Bitcoin remittances during Lebanon’s economic crisis
As bitcoin has been designed to be a peer-to-peer cash system, an alternative to government-backed fiat currencies, warnings regarding its possible negative influence, volatility, and technical difficulty have been issued by governments, such as the Lebanese, as early as January 2014, when Coindesk already reported about it.
The idea is that bitcoins are bought abroad and send on the bitcoin blockchain to the wallet or account of Lebanese bitcoin traders. Subsequently, the traders’ local distribution network helps as much as they can to provide dollars to the families of the diaspora who send the bitcoins.
In the midst of Lebanon’s economic crisis, the Association of Banks in Lebanon (ABL) has implemented directives for commercial banks, including a cap on weekly withdrawals in the amount of US$1000 from US dollar denominated accounts. This comes despite a statement from officials that there would be no formal capital controls.
Salim Sfeir, chairman of aforementioned association, said that "[t]he central bank governor was assigned to take the necessary, temporary measures, in coordination with the banking association, to issue circulars”. News agency Reuters reports that these were measures by the association with the intention “[…] to standardize and regulate the work of banks amid the country’s ‘exceptional circumstances’”.
Central bank Governor Riad Salamé has been a key institutional stakeholder since 1st of August, 1993, and therefore longer than ten Lebanese finance ministers, nine prime ministers, and five presidents. His role during previous times of economic uncertainty or crises is seen as passive, behaviour that so far he appears to repeat.
Professor Nassim Taleb, a former options trader and independent mathematical researcher at NYU, has pointed out via twitter that this perception of his authority is not accurate. Given that Salamé had designed an investment structure for US-dollar denominated deposits and loans at Lebanese banks promising high interest returns, Taleb accuses him acutely of having created and maintained a so-called “Ponzi scheme”. This fraudulent system, named after Charles Ponzi, is an investment scheme which uses funds of more recent investors to pay earlier investors an apparent return.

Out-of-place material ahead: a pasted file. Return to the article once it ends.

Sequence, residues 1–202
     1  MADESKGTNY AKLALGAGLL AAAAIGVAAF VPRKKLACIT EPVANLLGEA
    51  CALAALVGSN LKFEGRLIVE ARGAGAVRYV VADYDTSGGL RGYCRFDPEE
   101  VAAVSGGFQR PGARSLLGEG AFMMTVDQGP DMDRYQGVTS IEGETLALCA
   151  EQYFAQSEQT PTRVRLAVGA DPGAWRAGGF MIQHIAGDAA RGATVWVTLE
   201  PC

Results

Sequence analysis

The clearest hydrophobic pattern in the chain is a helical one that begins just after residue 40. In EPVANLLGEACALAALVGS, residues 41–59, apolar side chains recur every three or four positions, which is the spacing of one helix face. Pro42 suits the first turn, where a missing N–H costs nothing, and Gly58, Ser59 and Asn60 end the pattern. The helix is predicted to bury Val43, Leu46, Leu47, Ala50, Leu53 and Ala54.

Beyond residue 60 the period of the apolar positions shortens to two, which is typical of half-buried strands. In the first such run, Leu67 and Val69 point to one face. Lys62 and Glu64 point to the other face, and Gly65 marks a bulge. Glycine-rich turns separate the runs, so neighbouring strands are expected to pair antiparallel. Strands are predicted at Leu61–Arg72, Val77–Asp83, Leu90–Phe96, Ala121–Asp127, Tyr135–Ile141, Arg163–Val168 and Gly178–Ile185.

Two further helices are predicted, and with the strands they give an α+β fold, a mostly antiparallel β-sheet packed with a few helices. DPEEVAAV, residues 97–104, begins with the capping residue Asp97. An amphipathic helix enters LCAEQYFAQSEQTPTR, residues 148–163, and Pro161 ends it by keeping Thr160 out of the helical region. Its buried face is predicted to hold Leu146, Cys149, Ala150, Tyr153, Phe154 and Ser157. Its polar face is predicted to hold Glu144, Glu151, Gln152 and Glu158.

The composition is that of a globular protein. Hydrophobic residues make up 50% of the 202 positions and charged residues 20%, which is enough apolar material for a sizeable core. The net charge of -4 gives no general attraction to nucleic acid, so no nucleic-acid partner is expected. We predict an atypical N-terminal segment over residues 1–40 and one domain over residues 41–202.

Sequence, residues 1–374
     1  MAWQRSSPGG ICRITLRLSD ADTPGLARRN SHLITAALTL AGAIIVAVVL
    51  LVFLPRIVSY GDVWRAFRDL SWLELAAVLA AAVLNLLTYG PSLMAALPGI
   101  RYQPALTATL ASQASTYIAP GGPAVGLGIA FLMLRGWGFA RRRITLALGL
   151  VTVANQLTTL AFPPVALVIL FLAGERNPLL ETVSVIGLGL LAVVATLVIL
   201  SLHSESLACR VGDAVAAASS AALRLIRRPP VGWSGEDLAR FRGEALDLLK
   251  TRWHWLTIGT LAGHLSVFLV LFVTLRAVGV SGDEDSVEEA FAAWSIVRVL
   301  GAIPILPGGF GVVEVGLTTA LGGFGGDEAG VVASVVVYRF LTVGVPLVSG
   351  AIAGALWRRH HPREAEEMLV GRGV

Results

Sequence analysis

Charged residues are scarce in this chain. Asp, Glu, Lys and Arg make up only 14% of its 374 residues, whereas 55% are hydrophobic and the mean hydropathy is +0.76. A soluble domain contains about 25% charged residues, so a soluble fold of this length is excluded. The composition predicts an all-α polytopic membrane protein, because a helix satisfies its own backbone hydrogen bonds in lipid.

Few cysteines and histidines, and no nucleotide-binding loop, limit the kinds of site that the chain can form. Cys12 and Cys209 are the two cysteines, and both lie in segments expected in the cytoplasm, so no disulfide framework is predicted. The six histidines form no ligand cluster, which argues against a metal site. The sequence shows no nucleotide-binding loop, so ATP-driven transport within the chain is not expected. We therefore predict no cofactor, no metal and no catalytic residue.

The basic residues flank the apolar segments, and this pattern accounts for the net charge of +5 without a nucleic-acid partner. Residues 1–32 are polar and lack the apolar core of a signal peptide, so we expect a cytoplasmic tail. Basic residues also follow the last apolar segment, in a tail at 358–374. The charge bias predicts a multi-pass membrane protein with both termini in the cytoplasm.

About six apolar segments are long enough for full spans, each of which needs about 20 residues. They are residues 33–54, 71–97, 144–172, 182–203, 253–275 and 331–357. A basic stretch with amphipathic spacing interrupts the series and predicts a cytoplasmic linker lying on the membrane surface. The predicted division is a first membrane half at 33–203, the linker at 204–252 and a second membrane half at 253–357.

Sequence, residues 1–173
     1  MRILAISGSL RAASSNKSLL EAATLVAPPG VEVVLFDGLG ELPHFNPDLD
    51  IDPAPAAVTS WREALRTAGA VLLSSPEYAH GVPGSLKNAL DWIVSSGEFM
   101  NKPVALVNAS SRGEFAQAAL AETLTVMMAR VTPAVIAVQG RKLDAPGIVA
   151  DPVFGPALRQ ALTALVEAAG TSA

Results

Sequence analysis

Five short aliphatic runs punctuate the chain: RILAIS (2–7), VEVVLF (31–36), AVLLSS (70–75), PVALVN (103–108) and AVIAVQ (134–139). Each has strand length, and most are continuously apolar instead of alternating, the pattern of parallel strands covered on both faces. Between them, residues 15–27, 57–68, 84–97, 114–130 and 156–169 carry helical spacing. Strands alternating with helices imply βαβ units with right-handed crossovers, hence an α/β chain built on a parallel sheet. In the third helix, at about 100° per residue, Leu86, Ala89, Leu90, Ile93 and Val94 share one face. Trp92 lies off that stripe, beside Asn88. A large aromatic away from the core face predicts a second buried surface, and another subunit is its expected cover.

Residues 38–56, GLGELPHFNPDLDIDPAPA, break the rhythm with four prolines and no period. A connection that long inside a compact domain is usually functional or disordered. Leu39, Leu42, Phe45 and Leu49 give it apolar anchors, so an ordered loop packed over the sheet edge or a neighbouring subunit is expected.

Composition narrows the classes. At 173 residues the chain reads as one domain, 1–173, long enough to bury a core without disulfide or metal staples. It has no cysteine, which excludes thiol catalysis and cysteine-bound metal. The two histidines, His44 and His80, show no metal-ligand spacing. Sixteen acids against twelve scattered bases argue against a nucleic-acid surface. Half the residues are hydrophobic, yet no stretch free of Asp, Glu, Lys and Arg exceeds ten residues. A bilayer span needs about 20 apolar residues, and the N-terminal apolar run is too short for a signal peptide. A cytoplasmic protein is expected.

That is, instead of actually investing the money in the markets and paying real profits to – in this case – depositors of US dollars at Lebanese banks, Governor Salamé and his entourage appear to have created and maintained a Ponzi scheme. Interest rates on dollar deposits were as high as 14%, making it seem like an attractive investment for the Lebanese as they have a large diaspora whose dollar remittances contribute to GDP, averaging yearly at USD 570.71 million from 2003 until 2018, with 5 out of the last 10 years above USD 800 million.
With $170 billion in deposits and rates in range of 7-14% meant depositors were expecting to collect income in range of $12-24 Billion every year, returns that the US American Standard and Poor stock index SPX, representing the 500 most successful companies listed in the US, has hardly managed to achieve, with “averaged annual return between inception and 2018 [of] approximately 10%”.
It is becoming apparent that identifying solutions for the Lebanese people is difficult. Given presuppositions such as the currently failing economy, Governor Salamé still being in power and additionally being tasked to resolve the as well as said withdrawal cap, the emergence of negative feedback loops is hardly avoidable.
In these times, however, bitcoin improves liquidity in Lebanon. Distributed ledger technology, whose blockchain concept is its most prominent version, enables the use of the cryptocurrency bitcoin. Via this payment system, which has a fixed monetary policy and is no liability to a state, remittances to Lebanon from its diaspora are currently being facilitated. As there is no use in sending dollars to failing banks to help one’s family or friends to stay liquid, Lebanese bitcoin traders make use of their local dollar distribution network.
Coindesk reports that this goes both ways as well. A bitcoin trader says, “It’s working. It’s sufficient. It’s serving many businesses. They are sending money abroad to receive merchandise. One of my clients sent $100,000 (worth of bitcoin) to get his container from Saudi, he exports energy drinks.”
Clearly bitcoin cannot immediately resolve the complex issues prevalent in Lebanon, however, its use cases and novel philosophy give people some hope in times where it may make the difference.
Edited by: Patrick Lehner